At this point, I own Transistor on at least three different platforms – I’d pick it up on sale, part of a bundle or just on a whim, but never got around to playing it. But now that I have played it, I truly understand what I’ve missed out on – Transistor has already placed itself in amongst my favourite games of all time.
To start with, I want to address the game’s soundtrack, possibly my favourite aspect of Transistor. As with Supergiant Games’ first major success, Bastion, Darren Korb returns to write and produce the soundtrack to the game and does an incredible job. The game’s music manages to successfully encapsulate the true essence of the game – wonder, mystery and loss are all presented through the beautiful music that fills up most of the game.
Also returning from Bastion is Ashley Lynn, whose performance as Red is astounding. Notice I said ‘performance’ because I truly believe that with Korb’s superb writing and Lynn’s breathtaking singing, they’ve managed to produce a game score that is worthy of significant praise.
So, how does the rest of the game hold up? I’m happy to report that the game exceeds my expectations.
Without going too far into spoiler territory – You play as Red, a renowned singer in the city of Cloudbank, a city plagued by ‘The Process’, a calculated robotic force commanded by the formidable Camerata. During a performance, Red is attacked by the group, but manages to get away with The Transistor – the large sword used in her assassination attempted – however, this comes at a cost as, not only is the Transistor seemingly capable of absorbing consciousnesses, it also absorbs Red’s voice.
Red and The Transistor, now with the consciousness of an unknown man inside, escape into Cloudbank, hunting down the Camerata and their process army. An unusual premise, Transistor, manages to utilise its setting and channels it into every part of the game. From the soundtrack to the location, to the gameplay – every part of Transistor is aware of what it is and what it needs to be to aid the story and develop the world.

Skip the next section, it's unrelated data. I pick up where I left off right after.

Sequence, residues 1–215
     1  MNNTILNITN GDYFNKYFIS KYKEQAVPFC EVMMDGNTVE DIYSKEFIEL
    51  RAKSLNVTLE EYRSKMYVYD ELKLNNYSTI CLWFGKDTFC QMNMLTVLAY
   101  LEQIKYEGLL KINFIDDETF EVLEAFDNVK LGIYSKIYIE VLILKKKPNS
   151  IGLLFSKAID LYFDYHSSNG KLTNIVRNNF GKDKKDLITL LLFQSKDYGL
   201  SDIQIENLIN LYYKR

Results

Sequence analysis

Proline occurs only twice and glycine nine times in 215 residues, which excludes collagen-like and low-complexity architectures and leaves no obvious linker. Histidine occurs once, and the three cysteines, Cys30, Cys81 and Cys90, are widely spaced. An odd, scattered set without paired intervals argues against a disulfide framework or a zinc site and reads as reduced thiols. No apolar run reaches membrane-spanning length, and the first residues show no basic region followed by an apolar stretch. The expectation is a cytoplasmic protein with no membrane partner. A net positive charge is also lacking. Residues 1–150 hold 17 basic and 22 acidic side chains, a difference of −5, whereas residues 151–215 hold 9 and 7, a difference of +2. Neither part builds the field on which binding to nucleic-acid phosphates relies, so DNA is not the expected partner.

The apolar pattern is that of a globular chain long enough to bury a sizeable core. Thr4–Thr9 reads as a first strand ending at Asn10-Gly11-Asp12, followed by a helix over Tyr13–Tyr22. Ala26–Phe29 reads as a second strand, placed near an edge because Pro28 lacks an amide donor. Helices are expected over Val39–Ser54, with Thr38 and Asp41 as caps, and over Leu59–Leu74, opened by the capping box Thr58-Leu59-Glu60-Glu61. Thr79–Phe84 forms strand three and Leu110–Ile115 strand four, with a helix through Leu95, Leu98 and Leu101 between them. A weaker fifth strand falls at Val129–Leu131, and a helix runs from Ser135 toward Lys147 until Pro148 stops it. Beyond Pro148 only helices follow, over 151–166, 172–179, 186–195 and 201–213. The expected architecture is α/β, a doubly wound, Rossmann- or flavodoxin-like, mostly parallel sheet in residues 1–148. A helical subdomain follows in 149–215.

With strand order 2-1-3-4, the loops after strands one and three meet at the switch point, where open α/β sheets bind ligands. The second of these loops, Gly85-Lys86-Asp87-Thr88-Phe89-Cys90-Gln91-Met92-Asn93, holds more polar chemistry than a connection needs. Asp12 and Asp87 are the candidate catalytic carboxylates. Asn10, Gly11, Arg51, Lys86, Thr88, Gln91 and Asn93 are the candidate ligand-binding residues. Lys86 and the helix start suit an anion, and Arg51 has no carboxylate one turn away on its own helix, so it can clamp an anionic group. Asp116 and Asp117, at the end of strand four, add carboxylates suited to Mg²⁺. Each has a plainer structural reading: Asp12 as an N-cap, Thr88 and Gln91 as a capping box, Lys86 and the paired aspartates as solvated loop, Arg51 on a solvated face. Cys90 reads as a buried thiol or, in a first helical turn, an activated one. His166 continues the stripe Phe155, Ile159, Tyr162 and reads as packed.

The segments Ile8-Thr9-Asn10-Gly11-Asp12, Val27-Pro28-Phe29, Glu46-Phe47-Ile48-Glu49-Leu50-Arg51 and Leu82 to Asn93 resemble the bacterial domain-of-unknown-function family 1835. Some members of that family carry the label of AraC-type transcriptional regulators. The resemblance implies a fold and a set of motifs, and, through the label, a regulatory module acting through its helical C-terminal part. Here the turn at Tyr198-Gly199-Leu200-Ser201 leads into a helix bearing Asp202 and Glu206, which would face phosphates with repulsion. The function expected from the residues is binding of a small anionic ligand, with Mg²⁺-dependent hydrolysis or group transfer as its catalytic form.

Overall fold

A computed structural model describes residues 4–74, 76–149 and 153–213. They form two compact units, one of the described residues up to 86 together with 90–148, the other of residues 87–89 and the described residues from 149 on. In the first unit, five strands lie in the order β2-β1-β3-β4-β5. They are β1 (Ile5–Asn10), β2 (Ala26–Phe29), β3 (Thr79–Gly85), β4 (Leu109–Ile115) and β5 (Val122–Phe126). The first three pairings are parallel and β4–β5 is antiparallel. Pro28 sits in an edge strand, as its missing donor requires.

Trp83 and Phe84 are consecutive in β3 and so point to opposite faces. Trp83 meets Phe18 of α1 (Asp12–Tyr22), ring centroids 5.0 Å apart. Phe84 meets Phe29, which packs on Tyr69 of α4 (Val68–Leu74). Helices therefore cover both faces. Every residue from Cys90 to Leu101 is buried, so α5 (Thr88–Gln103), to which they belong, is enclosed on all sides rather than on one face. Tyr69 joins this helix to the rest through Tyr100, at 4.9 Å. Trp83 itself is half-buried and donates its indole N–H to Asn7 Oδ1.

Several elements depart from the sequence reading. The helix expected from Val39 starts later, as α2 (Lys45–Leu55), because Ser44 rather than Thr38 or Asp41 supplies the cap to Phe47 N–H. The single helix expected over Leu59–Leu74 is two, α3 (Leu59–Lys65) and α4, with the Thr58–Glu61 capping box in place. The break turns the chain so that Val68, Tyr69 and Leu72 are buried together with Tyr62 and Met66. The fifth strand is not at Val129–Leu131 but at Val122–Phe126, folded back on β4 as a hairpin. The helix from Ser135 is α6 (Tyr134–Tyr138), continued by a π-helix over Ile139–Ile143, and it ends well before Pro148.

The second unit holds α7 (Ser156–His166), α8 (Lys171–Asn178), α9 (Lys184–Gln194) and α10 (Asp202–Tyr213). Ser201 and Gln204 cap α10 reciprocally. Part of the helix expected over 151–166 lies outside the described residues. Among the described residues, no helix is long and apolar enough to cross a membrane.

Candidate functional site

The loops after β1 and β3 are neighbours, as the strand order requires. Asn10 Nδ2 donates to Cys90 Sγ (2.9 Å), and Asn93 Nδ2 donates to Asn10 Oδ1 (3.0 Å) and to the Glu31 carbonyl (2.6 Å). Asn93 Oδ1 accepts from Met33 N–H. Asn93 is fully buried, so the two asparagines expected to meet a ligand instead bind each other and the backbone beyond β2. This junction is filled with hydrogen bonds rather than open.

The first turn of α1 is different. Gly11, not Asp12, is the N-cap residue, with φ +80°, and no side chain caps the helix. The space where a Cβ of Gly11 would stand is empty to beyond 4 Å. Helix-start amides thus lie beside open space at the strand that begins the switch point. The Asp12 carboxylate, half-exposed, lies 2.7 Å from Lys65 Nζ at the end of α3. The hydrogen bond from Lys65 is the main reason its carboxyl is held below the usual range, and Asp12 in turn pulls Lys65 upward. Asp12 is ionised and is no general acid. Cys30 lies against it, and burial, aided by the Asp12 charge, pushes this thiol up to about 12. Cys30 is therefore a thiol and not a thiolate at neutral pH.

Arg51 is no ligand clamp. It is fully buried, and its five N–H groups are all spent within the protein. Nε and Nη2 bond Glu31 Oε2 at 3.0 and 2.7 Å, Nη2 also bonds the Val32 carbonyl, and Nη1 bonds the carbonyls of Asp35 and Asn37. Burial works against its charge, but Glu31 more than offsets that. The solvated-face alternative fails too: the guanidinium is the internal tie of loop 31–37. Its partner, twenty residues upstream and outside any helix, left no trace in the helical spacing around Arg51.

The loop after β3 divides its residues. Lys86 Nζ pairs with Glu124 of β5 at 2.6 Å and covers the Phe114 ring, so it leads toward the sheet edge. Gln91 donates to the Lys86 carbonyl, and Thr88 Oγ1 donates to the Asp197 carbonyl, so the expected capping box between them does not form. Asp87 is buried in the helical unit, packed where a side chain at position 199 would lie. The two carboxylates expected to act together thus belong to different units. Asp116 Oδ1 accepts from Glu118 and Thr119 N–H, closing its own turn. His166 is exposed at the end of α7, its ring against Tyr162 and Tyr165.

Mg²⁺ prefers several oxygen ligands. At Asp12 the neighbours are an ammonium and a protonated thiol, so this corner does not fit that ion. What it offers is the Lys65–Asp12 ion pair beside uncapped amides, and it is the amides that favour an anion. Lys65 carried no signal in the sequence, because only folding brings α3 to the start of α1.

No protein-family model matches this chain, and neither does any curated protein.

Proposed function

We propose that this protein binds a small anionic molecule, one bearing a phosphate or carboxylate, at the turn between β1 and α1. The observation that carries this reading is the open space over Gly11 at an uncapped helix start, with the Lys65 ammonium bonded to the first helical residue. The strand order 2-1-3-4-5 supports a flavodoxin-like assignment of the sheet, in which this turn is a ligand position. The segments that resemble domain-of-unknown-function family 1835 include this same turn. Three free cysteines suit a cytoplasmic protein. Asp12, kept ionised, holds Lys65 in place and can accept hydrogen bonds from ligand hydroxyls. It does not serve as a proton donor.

Similarly to Bastion, Transistor is presented from an isometric point of view which helps develop and create the world in which you explore. Because of how it’s presented, each location is beautifully drawn and built, with secrets and interactable objects appearing throughout in some unique and interesting locations.
But, enough about how the game looks and sounds, how does it play? Transistor is a unique blend of RPG and turn-based strategy. The core gameplay is split between its real-time combat mode, in which the player can freely explore and fight enemies, and also its frozen ‘planning mode’ – which allows the player plan their attack to utilise the many functions Red picks up along the way.
Initially cumbersome, I’ve found that Transistor manages to pull this combination off well. Unlike other games that have tried this, I feel that Transistor makes the experience smooth and simple to grasp – it doesn’t bombard you with different commands, or abilities you need to be aware of. Instead, Transistor allows you to select only four functions, which act as Red’s move pool – these can be upgraded and swapped out throughout the game.
Eerie, mysterious, but beautiful – Transistor is a prime example of just how good video games can be. It’s smooth gameplay, interesting and engaging world, and stunning soundtrack leave little to be desired when playing through the game and I am eager to play more. Transistor is easily one of the best games currently in my Switch library and I can whole-heartedly recommend it to just about anyone.
*Code kindly provided by the publisher for review*